In 1950 mathematician Alan Turing introduced what is today called the Turing Test for Artificial Intelligence. According to his paper written at that time titled Computing Machinery and Intelligence, Turing believed that machines would evidence intelligence equal to humans when a human interacting with one could not tell the difference between the machine and another human.
Thus far, at least with humans of average intelligence, there is no danger that the automatons we find ourselves forced to communicate with on various “helplines” will be able to convince us of their humanity. But today’s robotics engineers have not quit trying to be the first to meet Turing’s Test.
Sweden’s Furhat robot is an example of a new approach to the test: not by merely attempting to convince its interrogator of its humanity by means of verbal dexterity, but rather by the added enhancement of displaying human facial expressions.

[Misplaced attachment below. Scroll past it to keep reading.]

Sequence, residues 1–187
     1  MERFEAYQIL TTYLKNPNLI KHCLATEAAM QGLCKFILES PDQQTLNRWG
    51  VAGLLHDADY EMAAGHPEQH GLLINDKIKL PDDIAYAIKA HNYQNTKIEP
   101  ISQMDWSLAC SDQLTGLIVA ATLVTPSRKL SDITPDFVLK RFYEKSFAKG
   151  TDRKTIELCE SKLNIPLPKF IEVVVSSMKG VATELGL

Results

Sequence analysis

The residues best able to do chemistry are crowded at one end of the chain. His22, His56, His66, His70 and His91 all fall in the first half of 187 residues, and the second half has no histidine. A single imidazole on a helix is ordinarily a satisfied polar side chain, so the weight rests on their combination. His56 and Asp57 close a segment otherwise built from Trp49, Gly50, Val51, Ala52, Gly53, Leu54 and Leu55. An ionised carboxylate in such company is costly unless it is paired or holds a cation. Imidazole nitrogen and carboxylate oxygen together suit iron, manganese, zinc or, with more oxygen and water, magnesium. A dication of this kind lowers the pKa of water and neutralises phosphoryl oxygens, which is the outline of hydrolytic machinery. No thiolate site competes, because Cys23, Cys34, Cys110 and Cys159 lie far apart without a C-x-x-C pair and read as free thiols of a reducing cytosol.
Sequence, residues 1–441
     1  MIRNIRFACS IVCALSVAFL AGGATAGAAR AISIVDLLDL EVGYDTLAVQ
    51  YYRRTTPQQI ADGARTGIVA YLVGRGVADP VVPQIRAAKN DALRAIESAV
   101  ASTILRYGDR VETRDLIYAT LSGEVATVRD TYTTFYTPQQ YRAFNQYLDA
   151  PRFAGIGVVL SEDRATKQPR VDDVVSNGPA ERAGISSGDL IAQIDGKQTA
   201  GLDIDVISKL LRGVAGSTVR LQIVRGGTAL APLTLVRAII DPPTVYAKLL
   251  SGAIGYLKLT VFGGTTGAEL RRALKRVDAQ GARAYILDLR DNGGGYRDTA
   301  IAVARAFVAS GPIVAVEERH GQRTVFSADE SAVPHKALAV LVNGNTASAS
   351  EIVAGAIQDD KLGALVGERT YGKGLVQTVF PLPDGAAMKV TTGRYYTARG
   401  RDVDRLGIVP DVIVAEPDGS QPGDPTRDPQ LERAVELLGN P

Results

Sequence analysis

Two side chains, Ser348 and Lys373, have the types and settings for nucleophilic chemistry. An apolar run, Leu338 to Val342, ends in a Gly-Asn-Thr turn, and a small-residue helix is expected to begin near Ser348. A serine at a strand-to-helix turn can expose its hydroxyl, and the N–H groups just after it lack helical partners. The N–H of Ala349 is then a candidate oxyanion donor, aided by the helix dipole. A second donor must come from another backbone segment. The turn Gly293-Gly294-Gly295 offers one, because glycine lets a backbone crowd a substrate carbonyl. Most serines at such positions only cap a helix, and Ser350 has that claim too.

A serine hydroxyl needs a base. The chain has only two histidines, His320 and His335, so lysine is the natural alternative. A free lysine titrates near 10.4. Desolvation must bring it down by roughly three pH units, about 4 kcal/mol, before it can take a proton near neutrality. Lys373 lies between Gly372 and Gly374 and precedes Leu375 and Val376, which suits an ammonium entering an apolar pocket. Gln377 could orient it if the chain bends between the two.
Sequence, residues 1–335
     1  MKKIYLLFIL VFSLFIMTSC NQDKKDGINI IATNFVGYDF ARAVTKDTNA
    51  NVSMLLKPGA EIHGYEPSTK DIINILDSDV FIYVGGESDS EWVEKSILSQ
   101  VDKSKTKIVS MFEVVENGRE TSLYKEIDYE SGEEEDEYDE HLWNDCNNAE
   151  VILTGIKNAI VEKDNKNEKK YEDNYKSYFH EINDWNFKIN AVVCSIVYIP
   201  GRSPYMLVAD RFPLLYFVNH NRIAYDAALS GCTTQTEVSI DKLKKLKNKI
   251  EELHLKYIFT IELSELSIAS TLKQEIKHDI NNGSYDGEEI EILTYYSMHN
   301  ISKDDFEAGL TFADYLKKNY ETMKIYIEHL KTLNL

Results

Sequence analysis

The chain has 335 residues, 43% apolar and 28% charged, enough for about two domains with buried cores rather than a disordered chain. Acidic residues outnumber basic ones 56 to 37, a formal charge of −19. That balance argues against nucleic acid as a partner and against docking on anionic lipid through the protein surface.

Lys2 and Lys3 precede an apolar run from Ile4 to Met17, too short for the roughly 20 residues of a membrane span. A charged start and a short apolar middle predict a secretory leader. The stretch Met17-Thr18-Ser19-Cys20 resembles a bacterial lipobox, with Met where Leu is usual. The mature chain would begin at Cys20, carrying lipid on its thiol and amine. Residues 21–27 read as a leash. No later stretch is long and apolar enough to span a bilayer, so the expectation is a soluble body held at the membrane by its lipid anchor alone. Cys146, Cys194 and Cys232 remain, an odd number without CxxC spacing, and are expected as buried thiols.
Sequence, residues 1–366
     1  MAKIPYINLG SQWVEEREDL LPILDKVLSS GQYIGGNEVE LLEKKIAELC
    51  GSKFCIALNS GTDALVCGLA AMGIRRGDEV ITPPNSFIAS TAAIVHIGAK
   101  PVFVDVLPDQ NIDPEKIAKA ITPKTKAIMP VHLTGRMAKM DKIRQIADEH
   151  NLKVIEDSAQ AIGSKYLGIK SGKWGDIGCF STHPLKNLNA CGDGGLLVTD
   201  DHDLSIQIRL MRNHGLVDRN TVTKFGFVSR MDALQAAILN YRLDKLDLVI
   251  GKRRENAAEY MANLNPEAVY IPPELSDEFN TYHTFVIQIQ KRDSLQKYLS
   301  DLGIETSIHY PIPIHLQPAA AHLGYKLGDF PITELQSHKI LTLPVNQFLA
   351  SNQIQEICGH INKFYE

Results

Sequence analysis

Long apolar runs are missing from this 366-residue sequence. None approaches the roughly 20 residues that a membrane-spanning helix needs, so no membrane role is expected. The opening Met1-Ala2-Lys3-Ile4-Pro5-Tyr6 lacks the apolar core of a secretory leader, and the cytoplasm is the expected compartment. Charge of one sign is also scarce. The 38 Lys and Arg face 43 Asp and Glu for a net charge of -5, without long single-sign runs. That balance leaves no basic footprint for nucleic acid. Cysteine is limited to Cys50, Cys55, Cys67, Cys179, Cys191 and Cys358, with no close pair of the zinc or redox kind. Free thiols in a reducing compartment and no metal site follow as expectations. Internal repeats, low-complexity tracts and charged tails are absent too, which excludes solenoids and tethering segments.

Furhat, as you might have guessed, gets its its name from the furhat it wears. As you know, Furhat isn't the first robotic unit to attempt communication by way of facial expressions. There is The University of San Diego's Diego-San as well as a number of others.
Where Furhat differs from Diego-San and most of the other facial-expression robots is in the actual construction of the faux human face. Diego-San’s face, although impressively human, is formed with what appears to be a molded plastic; Furhat’s face, on the other hand, is rear-projected on a 3D mask. As a virtual construct, Furhat has an available range of actions difficult for robot faces fashioned from malleable materials to copy. It can, for example, conduct conversations with more than one person while turning and looking each one directly in the eye.
True Artificial intelligence is yet to arrive. No robot has passed the Turing Test. But every passing day brings us closer. Sweden’s Furhat is a step in that direction.